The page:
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Author: washcomp Big gold star, 5000 posts Feste Award Nominee! Add to my Favorite Fools Ignore this person (you won't see their posts anymore) Number: of 457446  
Subject: Currency stuff May 25, 2011 Date: 5/25/2011 8:05 AM
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The US dollar rose against nearly all currencies last night - with the singular exception of the Swiss franc. (Anecdotally, this means a pink to red opening for the US equity market today and if the US dollar pops again, the market will drop again).

The Swiss economy is doing very well at present. Like most other countries, Switzerland endured a recession in 2008 and early 2009. However, the recession in Switzerland was not nearly as deep as it was in most other advanced economies. The peak-to-trough decline in Swiss GDP totaled 3.2 percent. Real GDP in the United States dropped 4.1 percent, both the British and the German economies endured contractions that exceeded 6 percent, and real GDP in Japan tumbled 10 percent. Moreover, the level of real GDP in Switzerland surpassed its pre-downturn peak in Q3 2010.

While the US dollar is still the recipient of most of the "flight to safety" movement from the Euro, the Swiss franc also benefits.

The big fear everyone should be having is the almost insurmountable problems coming up for the Euro. While Greek CDS and interest rates reflect a collapse over there, IMHO, the same does not seem apparent for the rest of the PIIGS. While the rates have risen, they do not reflect the problems that I suspect will be cascading over the next few years. There seems to be a concerted effort to encourage hope for a good outcome, rather than preparation for a lousy one and while politically expedient, the danger of another global meltdown comparable to the one caused by the States in 2008 is, in my opinion, very real. If this takes place before we are better prepared on this side of the pond (and I think that, based on time lines this is likely), things could become very ugly indeed as the US dollar soars in response. While gold and silver will, no doubt, respond in terms of Euros, it is not as clear that they will increase in terms of US dollars during a liquidity crisis (they plunged back in the 2008-2009 period). While not of our making, the "double dip" recession will be palpable and real over here. The "good news" is oil and other prices will drop. The "bad news" is that's what's called deflation. The US dollar will be king, but if we get bent out of shape and the government gets confiscatory, there may be few places to hide.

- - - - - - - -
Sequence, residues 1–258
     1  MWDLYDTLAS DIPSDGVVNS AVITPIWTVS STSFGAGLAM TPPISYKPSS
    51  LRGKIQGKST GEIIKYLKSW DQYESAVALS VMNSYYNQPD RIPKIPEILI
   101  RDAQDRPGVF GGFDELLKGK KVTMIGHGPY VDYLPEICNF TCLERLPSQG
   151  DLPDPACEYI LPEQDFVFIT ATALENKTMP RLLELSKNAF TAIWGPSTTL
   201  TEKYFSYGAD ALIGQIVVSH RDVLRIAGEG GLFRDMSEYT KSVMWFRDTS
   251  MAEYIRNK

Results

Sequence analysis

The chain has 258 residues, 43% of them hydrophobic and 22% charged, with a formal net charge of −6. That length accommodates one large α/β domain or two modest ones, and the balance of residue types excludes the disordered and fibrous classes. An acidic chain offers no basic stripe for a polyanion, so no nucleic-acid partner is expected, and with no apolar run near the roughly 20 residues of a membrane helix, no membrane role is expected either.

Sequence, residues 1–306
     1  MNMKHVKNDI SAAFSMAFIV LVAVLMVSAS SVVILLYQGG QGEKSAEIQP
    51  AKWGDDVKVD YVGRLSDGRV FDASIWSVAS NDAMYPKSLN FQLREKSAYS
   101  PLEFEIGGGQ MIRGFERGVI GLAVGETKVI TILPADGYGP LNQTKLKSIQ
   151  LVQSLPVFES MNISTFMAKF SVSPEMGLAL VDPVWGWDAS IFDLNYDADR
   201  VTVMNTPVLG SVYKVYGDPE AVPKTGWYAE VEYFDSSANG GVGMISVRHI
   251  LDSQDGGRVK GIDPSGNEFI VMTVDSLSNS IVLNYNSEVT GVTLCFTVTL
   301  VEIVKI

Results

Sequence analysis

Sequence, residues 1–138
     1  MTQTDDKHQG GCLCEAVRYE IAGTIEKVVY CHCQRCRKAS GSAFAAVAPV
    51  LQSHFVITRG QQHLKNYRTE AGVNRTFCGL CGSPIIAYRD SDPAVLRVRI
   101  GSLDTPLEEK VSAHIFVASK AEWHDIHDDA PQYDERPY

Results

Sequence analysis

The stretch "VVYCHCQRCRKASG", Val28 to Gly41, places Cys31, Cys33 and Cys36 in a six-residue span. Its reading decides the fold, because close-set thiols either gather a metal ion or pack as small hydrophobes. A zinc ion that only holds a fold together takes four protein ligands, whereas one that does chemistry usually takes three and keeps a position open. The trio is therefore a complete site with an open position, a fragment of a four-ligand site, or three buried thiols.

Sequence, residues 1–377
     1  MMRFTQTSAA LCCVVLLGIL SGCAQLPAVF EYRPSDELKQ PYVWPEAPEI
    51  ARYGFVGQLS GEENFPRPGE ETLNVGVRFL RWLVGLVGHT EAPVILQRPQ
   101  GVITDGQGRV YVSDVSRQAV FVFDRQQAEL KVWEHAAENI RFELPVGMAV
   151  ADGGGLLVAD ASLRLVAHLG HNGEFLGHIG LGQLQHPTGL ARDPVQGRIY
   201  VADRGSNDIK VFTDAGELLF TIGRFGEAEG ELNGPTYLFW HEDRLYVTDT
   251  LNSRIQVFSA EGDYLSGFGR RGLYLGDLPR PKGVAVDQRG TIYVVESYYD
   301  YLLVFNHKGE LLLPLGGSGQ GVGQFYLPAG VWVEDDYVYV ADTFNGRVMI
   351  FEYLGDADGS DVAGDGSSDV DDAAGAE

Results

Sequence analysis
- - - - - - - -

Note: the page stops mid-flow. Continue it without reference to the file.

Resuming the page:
The time to begin preparing is now, but the means of preparing are not yet very clear to me.

Jeff
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Author: VUCommodore Big red star, 1000 posts Add to my Favorite Fools Ignore this person (you won't see their posts anymore) Number: 360879 of 457446
Subject: Re: Currency stuff May 25, 2011 Date: 5/25/2011 9:36 AM
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Ireland, Portugal, and Greece combined are not enough to force the US into a double dip, because core Europe can still afford to recapitalize their banking system. If Spain or Italy is in real trouble, that is a different story, but that outcome is far more unclear for the time being. I would advise you to focuse your energy on tracking Spain's outcome if you are interested in EURUSD over a 2 to 5 year timeframe. Track Ireland/Portugal/Greece if you're interested over the much shorter term. PIIGS is an unfortunate acronym because it lumps together at least two very different groups of countries.

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